The witch trials of Salem, MA began in February of 1692. It all started with two young girls: Abigail Williams and Betty Parris. The two children suffered from fits of screaming and convulsions. Nobody knows for sure what the reason for their behavior was; it could have been food poisoning, sleep paralysis, or any number of other psychosomatic disorders. But the pious townsfolk of Salem immediately suspected the devil was involved. Buy the Self-guided walking tour of Salem MA to learn more about the town’s dark history.
Under pressure from authorities, Betty and Abigail blamed three local women for putting them under a spell: Sarah Good, Sarah Osborne, and an enslaved woman called Tituba.
At the time of the Salem Witch Trials, the court did not assume a suspect’s innocence. All three women were presumed guilty from the beginning. Sarah Good died by hanging on Gallows Hill. Sarah Osborne perished while waiting for her trial in jail. But Tituba confessed to the crime of witchcraft to escape punishment. This confession served as concrete evidence, and made everybody believe that the whole story was true.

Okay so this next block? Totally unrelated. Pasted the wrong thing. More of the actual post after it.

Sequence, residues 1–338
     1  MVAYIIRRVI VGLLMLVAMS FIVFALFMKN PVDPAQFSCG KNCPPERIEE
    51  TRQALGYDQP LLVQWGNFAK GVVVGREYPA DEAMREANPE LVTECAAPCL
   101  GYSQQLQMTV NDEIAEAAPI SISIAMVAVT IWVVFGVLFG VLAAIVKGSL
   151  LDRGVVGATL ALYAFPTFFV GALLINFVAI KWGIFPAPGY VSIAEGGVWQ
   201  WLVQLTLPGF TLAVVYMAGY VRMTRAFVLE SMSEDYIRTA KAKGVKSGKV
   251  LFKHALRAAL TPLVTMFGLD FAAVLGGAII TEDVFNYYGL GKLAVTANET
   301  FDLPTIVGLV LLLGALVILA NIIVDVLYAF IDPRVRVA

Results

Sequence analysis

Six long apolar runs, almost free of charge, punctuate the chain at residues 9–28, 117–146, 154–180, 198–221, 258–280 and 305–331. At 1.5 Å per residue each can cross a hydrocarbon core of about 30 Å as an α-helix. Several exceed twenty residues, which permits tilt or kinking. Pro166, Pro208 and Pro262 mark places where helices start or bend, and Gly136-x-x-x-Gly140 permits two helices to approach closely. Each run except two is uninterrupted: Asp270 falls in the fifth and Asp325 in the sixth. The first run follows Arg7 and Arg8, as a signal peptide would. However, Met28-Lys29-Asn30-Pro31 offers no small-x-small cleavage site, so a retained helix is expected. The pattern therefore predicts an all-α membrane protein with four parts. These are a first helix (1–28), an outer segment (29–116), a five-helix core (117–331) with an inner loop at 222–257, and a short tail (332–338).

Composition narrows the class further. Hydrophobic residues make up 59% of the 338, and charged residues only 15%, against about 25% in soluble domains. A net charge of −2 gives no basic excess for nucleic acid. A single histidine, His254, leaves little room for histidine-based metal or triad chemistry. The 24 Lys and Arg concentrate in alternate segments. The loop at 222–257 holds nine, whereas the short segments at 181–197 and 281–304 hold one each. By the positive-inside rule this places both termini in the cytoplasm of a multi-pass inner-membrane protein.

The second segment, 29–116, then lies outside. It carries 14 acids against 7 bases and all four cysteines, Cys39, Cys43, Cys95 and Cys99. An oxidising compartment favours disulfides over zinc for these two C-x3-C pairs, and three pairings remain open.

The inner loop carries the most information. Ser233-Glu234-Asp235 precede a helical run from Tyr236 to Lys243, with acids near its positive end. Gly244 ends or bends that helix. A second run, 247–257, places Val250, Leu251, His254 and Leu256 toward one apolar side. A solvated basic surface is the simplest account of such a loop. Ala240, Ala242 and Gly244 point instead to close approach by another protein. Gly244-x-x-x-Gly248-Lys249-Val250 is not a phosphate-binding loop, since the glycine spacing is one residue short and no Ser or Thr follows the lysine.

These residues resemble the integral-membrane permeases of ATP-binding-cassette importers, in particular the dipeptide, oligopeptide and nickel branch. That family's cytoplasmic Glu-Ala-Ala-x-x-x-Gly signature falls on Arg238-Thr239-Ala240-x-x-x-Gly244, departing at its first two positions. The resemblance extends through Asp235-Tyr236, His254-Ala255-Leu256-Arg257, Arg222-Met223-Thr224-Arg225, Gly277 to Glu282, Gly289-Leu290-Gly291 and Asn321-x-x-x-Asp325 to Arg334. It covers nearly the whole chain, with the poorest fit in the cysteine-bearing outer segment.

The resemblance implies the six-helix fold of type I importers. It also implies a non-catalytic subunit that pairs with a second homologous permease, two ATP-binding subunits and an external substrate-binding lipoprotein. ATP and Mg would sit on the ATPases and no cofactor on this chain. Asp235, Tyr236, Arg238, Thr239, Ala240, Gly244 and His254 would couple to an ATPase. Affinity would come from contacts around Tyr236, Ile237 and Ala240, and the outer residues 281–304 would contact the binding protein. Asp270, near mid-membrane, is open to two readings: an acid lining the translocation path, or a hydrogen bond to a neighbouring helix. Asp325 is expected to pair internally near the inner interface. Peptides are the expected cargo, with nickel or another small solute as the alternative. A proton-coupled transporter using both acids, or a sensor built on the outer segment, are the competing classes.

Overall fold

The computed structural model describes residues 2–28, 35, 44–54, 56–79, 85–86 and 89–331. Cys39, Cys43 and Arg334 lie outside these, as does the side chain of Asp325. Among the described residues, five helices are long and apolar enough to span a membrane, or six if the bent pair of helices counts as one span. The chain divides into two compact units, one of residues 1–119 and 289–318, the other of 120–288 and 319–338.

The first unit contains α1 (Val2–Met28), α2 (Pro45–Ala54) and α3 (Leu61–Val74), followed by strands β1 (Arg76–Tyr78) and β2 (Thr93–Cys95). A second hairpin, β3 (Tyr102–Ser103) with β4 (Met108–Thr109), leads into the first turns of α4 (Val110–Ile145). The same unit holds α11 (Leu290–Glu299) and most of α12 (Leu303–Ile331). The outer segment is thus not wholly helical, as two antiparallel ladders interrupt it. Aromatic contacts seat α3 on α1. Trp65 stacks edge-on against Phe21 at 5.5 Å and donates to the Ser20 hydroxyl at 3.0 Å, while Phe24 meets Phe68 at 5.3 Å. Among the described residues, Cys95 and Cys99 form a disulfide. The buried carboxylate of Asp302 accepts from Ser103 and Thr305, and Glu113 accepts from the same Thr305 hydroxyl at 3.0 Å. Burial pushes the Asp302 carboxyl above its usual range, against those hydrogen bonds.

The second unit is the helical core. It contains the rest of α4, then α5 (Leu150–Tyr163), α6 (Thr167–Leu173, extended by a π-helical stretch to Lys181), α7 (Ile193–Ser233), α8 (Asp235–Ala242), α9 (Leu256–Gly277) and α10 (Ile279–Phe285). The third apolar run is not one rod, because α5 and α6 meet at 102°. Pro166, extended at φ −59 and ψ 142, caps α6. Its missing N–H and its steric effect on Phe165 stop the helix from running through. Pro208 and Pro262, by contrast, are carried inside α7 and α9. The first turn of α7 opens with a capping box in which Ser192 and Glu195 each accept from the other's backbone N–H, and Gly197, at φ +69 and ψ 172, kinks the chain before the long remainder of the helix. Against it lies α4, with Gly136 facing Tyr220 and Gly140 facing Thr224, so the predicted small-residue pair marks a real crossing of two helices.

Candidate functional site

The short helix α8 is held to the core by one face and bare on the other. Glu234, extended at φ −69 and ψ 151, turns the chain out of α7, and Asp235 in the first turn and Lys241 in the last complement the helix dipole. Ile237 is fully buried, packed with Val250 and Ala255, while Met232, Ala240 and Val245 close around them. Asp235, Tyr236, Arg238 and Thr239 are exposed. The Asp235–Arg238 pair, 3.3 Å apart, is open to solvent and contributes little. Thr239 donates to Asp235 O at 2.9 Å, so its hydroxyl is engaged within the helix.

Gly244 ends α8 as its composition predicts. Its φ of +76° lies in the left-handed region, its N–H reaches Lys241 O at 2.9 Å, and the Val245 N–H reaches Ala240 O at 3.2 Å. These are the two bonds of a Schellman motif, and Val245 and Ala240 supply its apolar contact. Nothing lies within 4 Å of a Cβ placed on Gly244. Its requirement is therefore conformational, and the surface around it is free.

The other townsfolk thought to themselves: If these “wicked women” could go undetected in the community for so long… didn’t that mean anyone could possibly be a witch? And that’s when the accusations began in earnest.
Many townspeople testified against their own neighbors and family members… but the most common accusations came from accused witches themselves, trying to lighten their own sentence by throwing the blame on someone else. All these deaths were brought about by a potent cocktail of paranoia, desperation, and fear.
Self-guided walking tour of Salem MA
To listen to the shocking stories of the so-called witches and how the trials eventually ended, download the Salem Witch Trials Tour app today from the App Store or Google Play Store. This self-guided walking tour of Salem, MA takes you on a journey through Salem, and through the past.